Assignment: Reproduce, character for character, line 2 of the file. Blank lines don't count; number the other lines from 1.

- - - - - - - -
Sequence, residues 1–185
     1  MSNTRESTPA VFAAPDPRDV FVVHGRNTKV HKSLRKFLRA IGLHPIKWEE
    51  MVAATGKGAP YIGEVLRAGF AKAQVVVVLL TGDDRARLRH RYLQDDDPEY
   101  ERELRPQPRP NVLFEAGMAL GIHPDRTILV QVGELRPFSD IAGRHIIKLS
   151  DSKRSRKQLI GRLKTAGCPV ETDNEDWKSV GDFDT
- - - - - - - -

     1  MSNTRESTPA VFAAPDPRDV FVVHGRNTKV HKSLRKFLRA IGLHPIKWEE